a part in your career. we have an old photograph which i believe you have sent through to our producers, of — after a big case you won. can you talk us through — we have that on—screen — can you talk us through that moment? i won a jury trial back in 1999 with bill clinton's erstwhile partner susan mcdougal, and right after that, i appeared on the show and then he sent me an autographed picture, if you will, that said "mark, i made you. love, larry." and i prominently displayed it in my office and he jokingly, over the years, would kid me about it — "kid, i made you". and i think it is somewhat ironic — he was in broadcasting literally from the time i was born, for 63 years, and he died today, which ironically also
is my father's birthday, so he's book—ended both my birth and my father's death. stay with us on bbc news. see you soon. hello. after one of the coldest nights of the winter so far, sunday brings some significant and disruptive snow to parts of england and wales, and some of us in northern ireland as well. a very cold, frosty start to the day. icy patches, a few fog patches out there, too. and an area of sleet and snow initially for south—west england, parts of wales, northern ireland, but will push further east across southern england towards the south—east, across more of the midlands during the day as well, before stalling and then just pulling away southwards on into sunday evening and clearing. this is ten o'clock in the morning, though. south—west england, some may brighten up here with a few wintry showers but as the snow moves east and within the zone of falling snow here, and again into parts of northern ireland, several centimetres, even to low levels, more into the hills, so certainly some difficult travel conditions.
northern england and scotland seeing some sunny spells, a scattering of wintry showers towards the north—west of scotland. but it is scotland, northern england, perhaps northern counties of northern ireland that sees sunday's driest and sunniest weather. but for the rest of england into wales, southern parts of northern ireland, cloud, some outbreaks of snow here, again, some difficult travel conditions. some uncertainty about how far north into the midlands and perhaps east anglia the snow is going to reach so we'll need to watch that as well. temperatures just hovering close to freezing where you've got the snow. get some sunshine around, 2—4 degrees. and then the outbreaks of snow gradually clearing away during sunday evening. icy conditions following on behind. where you get the showers pushing in towards scotland, perhaps northern ireland and northern england, icy places going into monday morning. and another widespread frost as monday begins. one or two fog patches potentially towards south east england. some sunshine on monday. plenty of wintry showers towards northern and western scotland, a few for northern ireland, north—west england, north wales. some will push a little further south—eastwards during the day but driest and sunniest towards the south and east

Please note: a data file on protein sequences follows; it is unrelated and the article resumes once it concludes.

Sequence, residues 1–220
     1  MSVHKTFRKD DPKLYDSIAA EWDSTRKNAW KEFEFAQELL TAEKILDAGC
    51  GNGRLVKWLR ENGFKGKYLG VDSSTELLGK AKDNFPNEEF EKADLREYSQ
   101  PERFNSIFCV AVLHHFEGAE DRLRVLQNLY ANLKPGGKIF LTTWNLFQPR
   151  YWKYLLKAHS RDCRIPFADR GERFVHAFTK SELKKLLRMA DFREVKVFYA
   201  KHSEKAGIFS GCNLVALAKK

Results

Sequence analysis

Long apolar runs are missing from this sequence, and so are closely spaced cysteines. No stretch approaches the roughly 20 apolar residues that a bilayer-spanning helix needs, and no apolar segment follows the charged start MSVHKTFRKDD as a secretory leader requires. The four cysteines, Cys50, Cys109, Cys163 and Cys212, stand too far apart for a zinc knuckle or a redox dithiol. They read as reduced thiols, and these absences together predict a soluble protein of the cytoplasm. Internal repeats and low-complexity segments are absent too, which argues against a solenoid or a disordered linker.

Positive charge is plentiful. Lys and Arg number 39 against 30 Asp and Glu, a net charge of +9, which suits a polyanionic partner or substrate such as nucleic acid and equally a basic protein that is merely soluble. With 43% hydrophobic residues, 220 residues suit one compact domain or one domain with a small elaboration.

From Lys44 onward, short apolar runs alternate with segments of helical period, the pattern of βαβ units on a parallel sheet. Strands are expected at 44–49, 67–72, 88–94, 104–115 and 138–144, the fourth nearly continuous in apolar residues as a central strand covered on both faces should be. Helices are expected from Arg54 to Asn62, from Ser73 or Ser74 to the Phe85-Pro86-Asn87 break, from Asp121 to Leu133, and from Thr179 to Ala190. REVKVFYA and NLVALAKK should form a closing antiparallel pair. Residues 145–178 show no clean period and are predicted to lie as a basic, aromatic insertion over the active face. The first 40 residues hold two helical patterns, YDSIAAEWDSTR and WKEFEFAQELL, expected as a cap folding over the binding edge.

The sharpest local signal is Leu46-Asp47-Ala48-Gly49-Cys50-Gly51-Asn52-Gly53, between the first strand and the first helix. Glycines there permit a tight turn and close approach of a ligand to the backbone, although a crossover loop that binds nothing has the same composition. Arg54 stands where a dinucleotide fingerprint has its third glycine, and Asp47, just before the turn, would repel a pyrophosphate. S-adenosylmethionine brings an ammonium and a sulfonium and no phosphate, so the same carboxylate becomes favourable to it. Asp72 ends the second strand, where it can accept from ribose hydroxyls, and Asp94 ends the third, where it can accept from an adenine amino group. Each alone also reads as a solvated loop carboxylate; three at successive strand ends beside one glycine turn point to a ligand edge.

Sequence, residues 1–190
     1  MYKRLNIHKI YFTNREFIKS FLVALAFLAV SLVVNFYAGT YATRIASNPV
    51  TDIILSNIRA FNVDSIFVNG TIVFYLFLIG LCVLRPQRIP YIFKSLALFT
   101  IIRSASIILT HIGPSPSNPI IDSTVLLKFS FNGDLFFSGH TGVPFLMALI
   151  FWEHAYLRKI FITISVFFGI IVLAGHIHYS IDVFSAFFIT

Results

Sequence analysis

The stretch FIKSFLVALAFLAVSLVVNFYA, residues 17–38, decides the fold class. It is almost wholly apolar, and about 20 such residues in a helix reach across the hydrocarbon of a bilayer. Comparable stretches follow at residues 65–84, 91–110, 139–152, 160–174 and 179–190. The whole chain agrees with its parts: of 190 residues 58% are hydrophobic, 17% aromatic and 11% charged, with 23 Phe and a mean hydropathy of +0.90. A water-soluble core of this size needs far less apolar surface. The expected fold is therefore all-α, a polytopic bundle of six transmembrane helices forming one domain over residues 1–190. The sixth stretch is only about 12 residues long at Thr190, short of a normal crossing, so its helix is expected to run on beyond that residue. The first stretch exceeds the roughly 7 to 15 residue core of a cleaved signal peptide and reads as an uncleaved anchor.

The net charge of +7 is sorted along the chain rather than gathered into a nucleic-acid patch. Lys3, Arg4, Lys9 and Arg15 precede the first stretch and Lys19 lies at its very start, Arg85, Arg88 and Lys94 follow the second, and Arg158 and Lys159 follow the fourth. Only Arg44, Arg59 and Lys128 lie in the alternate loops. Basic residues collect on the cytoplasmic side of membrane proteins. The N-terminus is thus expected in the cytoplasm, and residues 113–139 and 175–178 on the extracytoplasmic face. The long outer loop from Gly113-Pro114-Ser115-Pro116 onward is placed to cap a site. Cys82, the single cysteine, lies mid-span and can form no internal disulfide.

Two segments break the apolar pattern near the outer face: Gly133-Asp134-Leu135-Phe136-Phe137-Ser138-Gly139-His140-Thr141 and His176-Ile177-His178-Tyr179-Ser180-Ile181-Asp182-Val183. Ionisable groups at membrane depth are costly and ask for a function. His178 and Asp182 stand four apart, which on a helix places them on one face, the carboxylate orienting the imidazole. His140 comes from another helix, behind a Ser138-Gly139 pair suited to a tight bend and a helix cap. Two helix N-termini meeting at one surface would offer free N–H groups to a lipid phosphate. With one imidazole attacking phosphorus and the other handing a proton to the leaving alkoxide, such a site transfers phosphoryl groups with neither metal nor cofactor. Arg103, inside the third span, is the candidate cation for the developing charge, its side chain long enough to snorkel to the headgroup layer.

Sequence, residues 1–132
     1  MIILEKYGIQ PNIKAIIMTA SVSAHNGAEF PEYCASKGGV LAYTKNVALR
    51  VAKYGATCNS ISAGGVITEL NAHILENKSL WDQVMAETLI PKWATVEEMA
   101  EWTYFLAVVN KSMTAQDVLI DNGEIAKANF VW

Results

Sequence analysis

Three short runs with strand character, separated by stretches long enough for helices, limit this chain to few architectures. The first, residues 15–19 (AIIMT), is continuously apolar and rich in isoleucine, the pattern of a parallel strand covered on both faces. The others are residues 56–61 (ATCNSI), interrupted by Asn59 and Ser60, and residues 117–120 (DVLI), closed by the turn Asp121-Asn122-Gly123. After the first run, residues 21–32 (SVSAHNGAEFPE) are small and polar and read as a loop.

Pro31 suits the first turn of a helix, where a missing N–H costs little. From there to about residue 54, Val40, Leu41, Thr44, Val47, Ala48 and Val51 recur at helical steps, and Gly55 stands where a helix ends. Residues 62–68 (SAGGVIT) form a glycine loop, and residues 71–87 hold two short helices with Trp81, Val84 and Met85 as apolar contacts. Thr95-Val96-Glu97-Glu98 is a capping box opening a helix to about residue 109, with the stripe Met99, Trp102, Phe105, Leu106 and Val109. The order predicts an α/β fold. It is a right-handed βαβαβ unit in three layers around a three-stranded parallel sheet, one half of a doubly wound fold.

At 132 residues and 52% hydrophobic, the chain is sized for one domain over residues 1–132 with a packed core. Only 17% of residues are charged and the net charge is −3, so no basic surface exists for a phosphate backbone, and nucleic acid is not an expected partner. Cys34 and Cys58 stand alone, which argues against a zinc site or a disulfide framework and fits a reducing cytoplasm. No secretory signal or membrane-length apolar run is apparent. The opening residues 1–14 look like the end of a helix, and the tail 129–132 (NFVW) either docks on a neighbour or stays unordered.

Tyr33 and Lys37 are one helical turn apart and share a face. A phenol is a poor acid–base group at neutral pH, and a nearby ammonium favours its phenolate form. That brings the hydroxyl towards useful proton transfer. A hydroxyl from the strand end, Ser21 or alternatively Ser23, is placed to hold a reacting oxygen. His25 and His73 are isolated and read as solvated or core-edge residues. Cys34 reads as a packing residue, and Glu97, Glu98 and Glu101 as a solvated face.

of the uk on what will be another cold day. and then, changes. tuesday, weatherfront from the atlantic coming into the cold air so, again, some further rain, sleet and snow pushing north—eastwards. and then further weather fronts coming our way from midweek, introducing milder atlantic air, but the winds are going to pick up and we will see further spells of rain, so all parts from midweek will be turning milder but also windier and wetter. and if you are in a flood—affected area, that is something you are going to need to follow very closely as we go through the week ahead.
this is bbc news, the headlines: russian police have detained more than 2,000 people at protests in support of the jailed opposition leader alexei navalny. large gatherings took place across the country, from moscow to vladivostok. riot police dragged away demonstrators who pelted them with snowballs. navalny was almost killed in a nerve agent attack last year. dutch police have arrested the alleged head of one of the world's biggest drugs gangs, on a warrant issued by australia. tse chi lop is a chinese—born canadian national, said to be the head of a syndicate known as the company. italy has accused pharmaceutical companies pfizer and astrazeneca of serious contract violations, to deliver their coronavirus vaccines as agreed. the italian prime minister says the delays are doing enormous damage to italy and other european countries.